JOSEPH: One reason it is important to have diversity well-represented in film and television is Story Telling . We can learn so much about each other’s experiences. Even though we have not lived another person’s experience we can KNOW that it exists! Being aware of this existence can help people become more empathetic to others.

The second reason is that diverse representation helps people SEE our local and global neighbors. Seeing how babies and children from across the globe still laugh at the same things. Grandmas spoil their grandchildren regardless of language. Lovers play the game of hunt, chase, date, fall in love everywhere, and more often than not it can be recognized regardless of language, skin color, or religion. That “seeing” can help build global trust. Trust helps to break down barriers in communication and understanding other cultures. Music events such as “We are the World” and “Live Aid” are great examples of doing just that. Music lovers went to the concerts, played the music, bought the albums/CDs. Music and video events were brought into homes around the World, telling and showing the World the struggles and suffering of those they have little knowledge of and can’t see. Having people in the entertainment industry, with considerable clout, bring these events to our living rooms was incredibly huge.

A third reason that diversity is crucial in ALL venues is creativity. Creativity is stifled in a vacuum. Creativity in a vacuum becomes a habit. Free-range creativity sparks innovations, technological advancements, and medical cures. Homogeneous thinking does not create or engender the evolution of thought or deed.

Music is a great example. While Jazz was around before Prohibition Speakeasies, Jazz was the great ointment in unsegregated Speakeasies that brought diverse musicians together in secret to entertain and let loose. Jazz went on to become an American staple appreciated around the Globe. The entire history of Rock and Roll also speaks to the creativity of Black American culture woven through other ethnicities, cities, states, and countries. Music uniquely has been invited into different cultural environments that many of her people were not allowed.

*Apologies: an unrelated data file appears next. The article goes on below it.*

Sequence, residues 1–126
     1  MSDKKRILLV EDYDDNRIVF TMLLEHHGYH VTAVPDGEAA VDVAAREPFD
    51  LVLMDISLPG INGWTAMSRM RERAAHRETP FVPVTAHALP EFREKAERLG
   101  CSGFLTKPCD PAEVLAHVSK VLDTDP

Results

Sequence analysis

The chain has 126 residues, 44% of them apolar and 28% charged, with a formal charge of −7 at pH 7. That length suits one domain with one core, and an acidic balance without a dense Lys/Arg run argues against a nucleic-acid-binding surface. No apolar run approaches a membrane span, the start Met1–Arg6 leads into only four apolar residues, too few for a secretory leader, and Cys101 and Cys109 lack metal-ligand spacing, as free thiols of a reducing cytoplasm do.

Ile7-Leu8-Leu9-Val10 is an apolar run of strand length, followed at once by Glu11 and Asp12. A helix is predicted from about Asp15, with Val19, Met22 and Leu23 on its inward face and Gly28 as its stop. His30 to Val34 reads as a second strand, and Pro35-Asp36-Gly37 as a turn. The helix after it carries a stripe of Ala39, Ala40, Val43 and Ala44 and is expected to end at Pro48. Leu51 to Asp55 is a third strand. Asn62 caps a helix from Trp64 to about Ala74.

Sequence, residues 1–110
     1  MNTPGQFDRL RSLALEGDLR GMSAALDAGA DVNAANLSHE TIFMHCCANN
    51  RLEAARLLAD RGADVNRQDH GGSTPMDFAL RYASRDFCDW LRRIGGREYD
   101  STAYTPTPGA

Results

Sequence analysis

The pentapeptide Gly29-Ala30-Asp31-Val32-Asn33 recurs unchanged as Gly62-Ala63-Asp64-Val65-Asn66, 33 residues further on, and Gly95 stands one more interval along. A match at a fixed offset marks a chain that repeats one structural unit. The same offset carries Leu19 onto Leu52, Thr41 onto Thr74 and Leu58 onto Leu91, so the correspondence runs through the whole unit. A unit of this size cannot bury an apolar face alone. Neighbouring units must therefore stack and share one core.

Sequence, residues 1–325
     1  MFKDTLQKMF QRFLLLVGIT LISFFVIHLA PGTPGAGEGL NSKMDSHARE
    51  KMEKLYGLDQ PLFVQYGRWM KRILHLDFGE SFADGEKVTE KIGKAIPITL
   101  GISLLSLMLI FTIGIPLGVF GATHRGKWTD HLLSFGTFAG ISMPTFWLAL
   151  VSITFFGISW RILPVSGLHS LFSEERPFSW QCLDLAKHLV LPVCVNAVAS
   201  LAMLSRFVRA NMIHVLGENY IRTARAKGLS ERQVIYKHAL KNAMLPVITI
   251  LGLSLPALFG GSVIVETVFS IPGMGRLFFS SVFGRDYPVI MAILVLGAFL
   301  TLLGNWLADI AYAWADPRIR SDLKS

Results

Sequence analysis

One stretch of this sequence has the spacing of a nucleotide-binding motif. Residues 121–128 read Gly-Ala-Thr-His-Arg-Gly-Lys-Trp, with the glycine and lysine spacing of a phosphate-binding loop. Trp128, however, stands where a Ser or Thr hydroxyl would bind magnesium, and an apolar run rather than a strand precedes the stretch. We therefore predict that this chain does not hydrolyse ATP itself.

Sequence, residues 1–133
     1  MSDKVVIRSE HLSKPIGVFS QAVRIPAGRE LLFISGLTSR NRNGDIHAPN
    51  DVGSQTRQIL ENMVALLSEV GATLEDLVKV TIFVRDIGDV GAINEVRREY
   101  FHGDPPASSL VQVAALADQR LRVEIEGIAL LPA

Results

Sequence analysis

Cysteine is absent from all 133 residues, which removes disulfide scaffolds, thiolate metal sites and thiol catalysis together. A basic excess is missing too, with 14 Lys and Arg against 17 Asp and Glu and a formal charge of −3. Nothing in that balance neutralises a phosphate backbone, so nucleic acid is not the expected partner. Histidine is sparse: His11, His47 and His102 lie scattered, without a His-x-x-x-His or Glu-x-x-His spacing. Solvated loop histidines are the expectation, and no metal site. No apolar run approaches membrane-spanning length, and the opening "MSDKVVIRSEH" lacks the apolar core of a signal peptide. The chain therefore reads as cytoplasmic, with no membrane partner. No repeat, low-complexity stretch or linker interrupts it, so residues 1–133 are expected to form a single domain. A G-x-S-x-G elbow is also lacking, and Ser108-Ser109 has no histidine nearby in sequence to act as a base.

The language of music is understood by the soul, and all languages have a song. Music has a way of breaking down cultural barriers and teaching us stories suppressed or never heard.

Music written locally and expressed globally can move us towards a more complete global community. Music is the party that everyone wants to go to.

JIM: In our band, diversity is prevalent. We are all very different, yet together our music tells the story! Our differences come together to tell our story of rock, funk, blues to come up with a unique type of Alternative Rock.

RICH: I think people from all cultures need to feel like they are represented in entertainment. Including people from all cultures and backgrounds in media can help eliminate prejudice against minorities in this country and across the world.

What are your “5 things I wish someone told me when I first started” and why. Please share a story or example for each.

JOSEPH
1. Learn how to read and write music. Now, some years later, I am learning music. It has broadened my ability on guitar to do what I did naturally; write songs vocally.

2. Learn the Business of Music. It is amazing to me how many companies will not share the full truth to up and coming musicians.

3. Do not give away your songs. Learning the art to write your own songs and keeping your circle close on who helps you. Amazing how many people try to say that they had a hand in a song after you spent thousands of dollars and much writing time on the song.

4. Write your heart, do not worry about end result . Do not focus on style or genre just write in the moment and clean music and lyrics later.

5. Simple is good. If the song sounds great done by yourself on acoustic or piano it has a great chance to be good.

JIM: It all depends on how you look at this. Anything that anyone would have told me would have changed the way things turned out today! I am very pleased with the way things turned out and happy that I didn’t listen to the many things I was told!

RICH

1. Learn songs by ear.
2. Play with other people as much as possible.
3. Sing what you play.
4. Learn to play in time. Play along with records or a metronome. 
5. Always work on songwriting and record all your ideas.

Which tips would you recommend to your colleagues in your industry to help them to thrive and not “burn out”?

JOSEPH: Find a hobby. Diversify your time between work and play. When the music starts being work, go out and do something else for fun. Most importantly, don’t take yourself too seriously!

JIM: I have always been a laid back person. Even the earlier tours that I went on with bands were played back because we toured in Hawaii! I have yet to get to the point where I feel burned out. I did music gigs for 9 years straight. You need to be around the right people!

RICH: If you start feeling burnt out, listen to new music. Explore different genres. Take a lesson. Learn something brand new. You just need to find something that sparks that interest and excitement again.